Argentine 'dirty war torturer' tries to escape genocide trial in Spain

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The Independent US

Baltazar Garzon, the Spanish judge who pursued the Chilean ex-dictator Augusto Pinochet for crimes against humanity, has formally requested an extradition order for a suspected Argentine torturer and nun-killer now held in Mexico.

Baltazar Garzon, the Spanish judge who pursued the Chilean ex-dictator Augusto Pinochet for crimes against humanity, has formally requested an extradition order for a suspected Argentine torturer and nun-killer now held in Mexico.

"Serpico", the nom de guerre for the exiled businessman Ricardo Miguel Cavallo, is among the 99 Argentine officers accused of genocide, terrorism and torture committed two decades ago during their "Dirty War" against left-wing dissidents, which left an estimated 30,000 people missing. He was arrested last month before boarding a plane in the southern resort of Cancun, destined for Buenos Aires, where the law grants amnesty for atrocities committed during the 1976-83 rule by military junta.

Mr Cavallo has been identified by several of his former torture victims through photographs, and his fingerprints match the ones held by Interpol officials. He is accused of stealing the babies of 16 prisoners held in the basement of the notorious Navy Mechanics' School, torturing 110 inmates, and playing a key role in 21 executions and the forced disappearance of more than 200 Argentines.

The 231-page Spanish document issued on Tuesday night charges the dapper silver-haired businessman with a total of 423 criminal acts committed while he was a captain in the Argentine navy. Victims remembered him as the soft-voiced tormenter in charge of the Navy Mechanics' School's kidnapping squad.

Miguel Angel Cavallo, who headed Renave, a nationwide vehicle registry in Mexico, objects to this arrest. His lawyers maintain that, although he completed his military service under the Argentine junta, his is a case of mistaken identity. They insist he is not the man cited in the warrant, Ricardo Miguel Cavallo. Mexico'sprosecutor-general questioned the prisoner at length yesterday over the recent suicide of his former Renave boss, Ramos Tercero, found last week with his neck and wrists slit.

The extradition request creates a legal predicament for Mexico, long considered a sanctuary for exiled Latin American military officers accused of political crimes because it values its sovereignty over human rights considerations.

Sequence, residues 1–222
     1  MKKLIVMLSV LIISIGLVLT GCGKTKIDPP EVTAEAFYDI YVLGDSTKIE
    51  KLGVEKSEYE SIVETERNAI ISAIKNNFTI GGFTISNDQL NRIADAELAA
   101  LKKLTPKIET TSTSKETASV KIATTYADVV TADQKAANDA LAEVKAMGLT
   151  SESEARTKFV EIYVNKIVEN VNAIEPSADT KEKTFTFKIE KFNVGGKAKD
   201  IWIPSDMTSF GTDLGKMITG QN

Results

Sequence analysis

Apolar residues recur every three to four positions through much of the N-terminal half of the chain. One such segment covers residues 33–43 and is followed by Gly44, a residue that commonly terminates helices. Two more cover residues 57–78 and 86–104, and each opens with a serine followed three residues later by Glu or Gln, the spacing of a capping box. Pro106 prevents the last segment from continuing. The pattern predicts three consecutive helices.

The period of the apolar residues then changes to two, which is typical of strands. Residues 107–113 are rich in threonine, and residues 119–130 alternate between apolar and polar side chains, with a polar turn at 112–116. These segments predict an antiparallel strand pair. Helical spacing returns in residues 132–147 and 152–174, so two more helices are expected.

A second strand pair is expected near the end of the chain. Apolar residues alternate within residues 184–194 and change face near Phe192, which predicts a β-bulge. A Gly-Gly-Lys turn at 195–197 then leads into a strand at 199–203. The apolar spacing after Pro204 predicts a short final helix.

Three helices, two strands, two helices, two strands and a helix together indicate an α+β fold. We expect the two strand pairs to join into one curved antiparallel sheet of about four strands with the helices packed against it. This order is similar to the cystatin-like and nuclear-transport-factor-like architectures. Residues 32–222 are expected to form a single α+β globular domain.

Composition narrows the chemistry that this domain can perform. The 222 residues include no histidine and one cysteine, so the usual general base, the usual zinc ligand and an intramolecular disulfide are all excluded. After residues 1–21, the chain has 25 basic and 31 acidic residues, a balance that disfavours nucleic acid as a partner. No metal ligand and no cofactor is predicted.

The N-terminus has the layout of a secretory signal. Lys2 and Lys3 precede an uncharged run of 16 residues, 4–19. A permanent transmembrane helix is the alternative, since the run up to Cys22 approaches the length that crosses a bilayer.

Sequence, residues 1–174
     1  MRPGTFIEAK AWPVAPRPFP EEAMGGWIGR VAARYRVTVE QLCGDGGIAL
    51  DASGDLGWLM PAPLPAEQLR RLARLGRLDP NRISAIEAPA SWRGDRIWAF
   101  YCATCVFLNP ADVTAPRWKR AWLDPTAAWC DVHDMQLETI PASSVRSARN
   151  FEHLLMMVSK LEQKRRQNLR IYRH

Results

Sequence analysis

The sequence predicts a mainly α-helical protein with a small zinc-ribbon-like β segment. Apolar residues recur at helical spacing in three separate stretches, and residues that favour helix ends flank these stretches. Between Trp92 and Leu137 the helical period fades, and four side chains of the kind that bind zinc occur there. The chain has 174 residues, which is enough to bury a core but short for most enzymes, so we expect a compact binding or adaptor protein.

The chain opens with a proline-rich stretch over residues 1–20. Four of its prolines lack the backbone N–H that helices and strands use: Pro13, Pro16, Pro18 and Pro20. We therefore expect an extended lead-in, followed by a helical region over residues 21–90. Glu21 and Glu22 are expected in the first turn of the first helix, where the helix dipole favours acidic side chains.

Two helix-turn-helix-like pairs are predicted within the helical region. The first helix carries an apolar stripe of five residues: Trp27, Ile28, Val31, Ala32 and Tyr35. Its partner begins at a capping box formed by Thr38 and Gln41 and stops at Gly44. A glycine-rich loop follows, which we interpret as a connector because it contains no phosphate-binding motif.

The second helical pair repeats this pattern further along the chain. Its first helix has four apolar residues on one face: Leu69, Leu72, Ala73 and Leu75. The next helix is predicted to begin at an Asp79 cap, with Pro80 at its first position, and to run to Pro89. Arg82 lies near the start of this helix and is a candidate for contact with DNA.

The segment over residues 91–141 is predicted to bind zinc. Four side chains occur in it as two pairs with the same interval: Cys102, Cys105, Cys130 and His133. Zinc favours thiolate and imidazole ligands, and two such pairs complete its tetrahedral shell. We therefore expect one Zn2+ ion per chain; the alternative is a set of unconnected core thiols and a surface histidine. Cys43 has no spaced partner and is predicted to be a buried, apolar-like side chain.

If Mexico does comply with the Spanish order, against the advice of the Argentine President, Fernando de la Rúa, and sends Mr Cavallo to Spain to face trial for offences allegedly committed 20 years ago, it risks establishing the precedent that the law need not respect frontiers. Reed Brody, the advocacy director of Human Rights Watch, said: "When you arrest Pinochet, it sends a chill through the tyrants. When you arrest Cavallo, it sends tremors through the ranks. If they commit torture today, they could be prosecuted tomorrow, and not only in Spain."

France also seeks testimony from Mr Cavallo, who served as a military attaché in Paris 17 years ago, concerning the execution of 15 French citizens, including two nuns, during the military regime.

The Spanish Prime Minister, José Maria Aznar, said such cases eventually should be tried by an international tribunal. Last week, Mexico agreed in principle to a United Nations plan to establish an international criminal court.

The accused man's brother, Oscar Cavallo, complained to The New York Times that Serpico's transgressions ought to be forgiven and forgotten."How far should we go back to undertake revisionism in the world?" he said.

Natalia Bruschtein, 25, the daughter of a leftist who "disappeared" after abduction by uniformed gunmen, joined a protest march of Argentine exiles in Mexico City last week demanding the immediate extradition of "Serpico" for a torture trial in Spain.

"The military will win only if they are able to make us forget," she said. "Our memories are our greatest defence."

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